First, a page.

A lone spoiler may bring down the venerable concert spot. Plus: Howlin' Rain make their move
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SONIC REDUCER There are eight jillion stories in the naked, nervous-Naughties city, and one of the increasingly common tales is that of the wannabe slicker who lays out that down payment for a little piece of gritty 'n' shitty, gorgeous 'n' porous, wild 'n' wooly San Francisco. And then supposed slick realizes, "Hey, I'm tired of stepping over panhandlers, looking for parking, and listening to car alarms, building fans, BART musicians, construction blare, and city hubbub in general." Translation: "I actually want to live in Concord, San Carlos, or Corte Madera." So the square spoiler in this happily unholy round hole of a town decides to wreck things for everyone.
That sort of inane, fish-outta-water resolve is, unfortunately, threatening Slim's, the linchpin of the 11th StreetSoMa club scene since chart topper Boz Scaggs first opened the respected nightspot two decades ago, the site of many a memorable night of music and a venue that, legend has it, bands like Built to Spill have pledged their loyalty to because of its dedication to stellar sound. One of Slim's neighbors tipped me off last month that the hall which has consistently passed all sound tests conducted by the city's Entertainment Commission was being besieged weekly by a lone complainer living in Juniper Alley. All of this came to a head in December 2007 when the accuser ordered citizen's arrests of two of Slim's night managers on three occasions after, Entertainment Commission industry representative Terrance Alan says, police refused to issue noise-violation citations of their own because they couldn't hear any vioutf8g sound issuing from Slim's. The arrests have led the Department of Alcohol Beverage Control to bring an enforcement action against Slim's liquor license, which may close the club for 15 to 25 days after an April hearing.
"She has been threatening to do this for a while," Slim's co-owner Dawn Holliday told me. The complaining neighbor and her partner have been registering noise complaints for the past two years, Holliday added, though no other neighbors have complained, and in 2000 all of the area's condo and live-work residents signed a deed restriction making it clear that the district is a mixed-use neighborhood subject to noise, odors, and other industrial activities 24-7. Nonetheless, Holliday continued, "she calls the police on average four nights a week. The Entertainment Commission has gone into their house and done readings in the house, done readings out in front of house, and we do readings in front of their house every night with a decibel meter on the most sensitive reading you can get, and we are always compliant. It didn't satisfy them."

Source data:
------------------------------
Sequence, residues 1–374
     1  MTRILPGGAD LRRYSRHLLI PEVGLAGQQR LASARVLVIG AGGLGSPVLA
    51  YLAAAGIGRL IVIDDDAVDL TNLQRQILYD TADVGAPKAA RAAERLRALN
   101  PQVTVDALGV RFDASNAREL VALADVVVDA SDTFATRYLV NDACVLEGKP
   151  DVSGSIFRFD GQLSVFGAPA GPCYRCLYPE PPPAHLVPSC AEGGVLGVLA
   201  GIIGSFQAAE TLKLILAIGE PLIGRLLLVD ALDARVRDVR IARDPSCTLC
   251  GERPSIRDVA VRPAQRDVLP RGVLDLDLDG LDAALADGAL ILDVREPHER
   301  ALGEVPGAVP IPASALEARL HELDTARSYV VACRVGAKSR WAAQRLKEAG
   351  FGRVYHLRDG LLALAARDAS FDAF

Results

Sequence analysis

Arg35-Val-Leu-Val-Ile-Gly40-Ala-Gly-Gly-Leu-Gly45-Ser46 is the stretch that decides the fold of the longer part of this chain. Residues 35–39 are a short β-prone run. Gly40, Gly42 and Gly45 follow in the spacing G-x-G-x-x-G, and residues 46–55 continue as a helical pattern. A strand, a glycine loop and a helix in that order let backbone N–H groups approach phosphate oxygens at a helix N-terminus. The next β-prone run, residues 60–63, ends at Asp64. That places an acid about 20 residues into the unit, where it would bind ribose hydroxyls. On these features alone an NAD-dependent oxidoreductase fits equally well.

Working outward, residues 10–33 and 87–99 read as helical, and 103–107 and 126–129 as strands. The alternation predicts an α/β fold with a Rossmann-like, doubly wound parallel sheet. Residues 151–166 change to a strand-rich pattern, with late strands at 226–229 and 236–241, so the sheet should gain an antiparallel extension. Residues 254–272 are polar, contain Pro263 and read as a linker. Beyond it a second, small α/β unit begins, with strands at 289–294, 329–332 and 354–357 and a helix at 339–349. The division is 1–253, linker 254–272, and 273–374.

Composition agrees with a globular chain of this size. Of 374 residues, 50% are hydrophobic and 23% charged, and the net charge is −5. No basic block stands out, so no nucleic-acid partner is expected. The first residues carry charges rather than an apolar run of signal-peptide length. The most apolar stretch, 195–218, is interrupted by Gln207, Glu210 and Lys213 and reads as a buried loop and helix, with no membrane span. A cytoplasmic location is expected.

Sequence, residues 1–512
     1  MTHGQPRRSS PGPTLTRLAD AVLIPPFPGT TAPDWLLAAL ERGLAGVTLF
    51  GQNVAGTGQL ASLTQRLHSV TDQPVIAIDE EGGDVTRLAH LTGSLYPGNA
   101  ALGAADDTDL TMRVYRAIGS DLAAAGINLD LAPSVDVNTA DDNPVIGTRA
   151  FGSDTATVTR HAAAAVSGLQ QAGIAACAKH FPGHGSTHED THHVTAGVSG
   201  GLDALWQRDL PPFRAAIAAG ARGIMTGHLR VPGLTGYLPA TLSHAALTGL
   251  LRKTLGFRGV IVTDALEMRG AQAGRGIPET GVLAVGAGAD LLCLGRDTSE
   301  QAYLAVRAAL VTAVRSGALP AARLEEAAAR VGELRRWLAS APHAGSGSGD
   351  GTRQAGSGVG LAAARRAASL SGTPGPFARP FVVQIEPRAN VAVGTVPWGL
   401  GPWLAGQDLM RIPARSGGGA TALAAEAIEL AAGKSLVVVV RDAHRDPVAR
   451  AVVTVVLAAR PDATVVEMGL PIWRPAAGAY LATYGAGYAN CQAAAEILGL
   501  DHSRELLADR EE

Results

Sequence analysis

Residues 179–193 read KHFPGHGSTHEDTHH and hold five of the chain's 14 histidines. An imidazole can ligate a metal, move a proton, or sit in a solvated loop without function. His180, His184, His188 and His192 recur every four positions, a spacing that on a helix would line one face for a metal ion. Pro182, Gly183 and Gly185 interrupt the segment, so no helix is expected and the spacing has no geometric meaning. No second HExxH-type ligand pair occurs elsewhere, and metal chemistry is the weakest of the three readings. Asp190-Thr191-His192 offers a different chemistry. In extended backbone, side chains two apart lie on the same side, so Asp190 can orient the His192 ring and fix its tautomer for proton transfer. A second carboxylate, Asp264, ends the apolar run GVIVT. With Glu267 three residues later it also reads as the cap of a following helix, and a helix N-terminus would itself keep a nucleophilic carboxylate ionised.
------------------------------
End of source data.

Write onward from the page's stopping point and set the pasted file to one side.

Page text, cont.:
One of the charges against a Slim's manager was dismissed, but both staffers are still due to go to court for the two arrests in February and March. "I'm hoping they let these kids off," Holliday said. "I've gone to [San Francisco Police Department's] Southern Station and asked them to wait for me to come over or Boz to come over and arrest us. It's not fair that employees get arrested. We're the two owners that live the closest, and both of us would take tickets before our employees."
Holliday is confident after going into mediation, consulting with sound guru Charles Salter, and taking actions like installing a new insulated roof and a special four-tiered back door that a resolution is possible. Still, the idea that one sour grape can pull down another great venue is troubling. "This is a situation where you can see how the system, which was designed to have respect for all the citizenry, can be used by this vexed complainer," Alan said. "They've created this history of complaints based only on their complaints. It's going to cost Slim's a lot of money and cost their managers a lot of sleepless nights, who want to go on and have a life. And they won't be able to if they are found criminally liable for this. Imagine, you're just doing your job ..."
And hey, that's another reason why so many of us come to this cow town in the first place: to work and to cozy up closer to that golden cow pumping pomegranatinis, the raucous crafters of musical ambrosia, et al. Fess up: you didn't move to SF to feel good about driving a Prius or down Starbucks. What you can't find regularly in Concord or Corte Madera and what so many of us continue to crave is that non-government-regulated minimum requirement of fun: loud, smelly, still safe, inconvenient, sprinkled with homeless parking valets, and still unlike anything you'll get in the sticks.
For more, see Sonic Reducer Overage at www.sfbg.com/blogs/music .
HOWLIN RAIN MAKE THEIR MOVE
Howlin Rain and Comets on Fire's Ethan Miller has plenty of news about: HR's superfine new LP, Magnificent Fiend, will be released March 4 on SF's Birdman label and HR's new imprint, Columbia Records cohoncho Rick Rubin's American Recordings. Why jump? Miller told me he was enticed by larger studio budgets and the opportunity to be produced by Rubin, whom the frontman praised as someone who "seems to chip away at all those extraneous things and just draw out the essential fluids onto the tape.
"Those are the reasons," Miller said. "This is not the type of record deal where you get a million-dollar check and drive away in a Rolls-Royce, and you're, like, 'Fuck, cool, man, they bought me a Corvette, and now everyone can just go get wasted on coke and it doesn't matter now, man!' And then, whoa, a year later you're kicked off the label, and you're, like, 'Fuck, I blew my $2 million advance now. This sucks! Now I'm a fucking nobody!' That's not this."
With Black Mountain
Mon/4, 8 p.m., $14
628 Divisadero, SF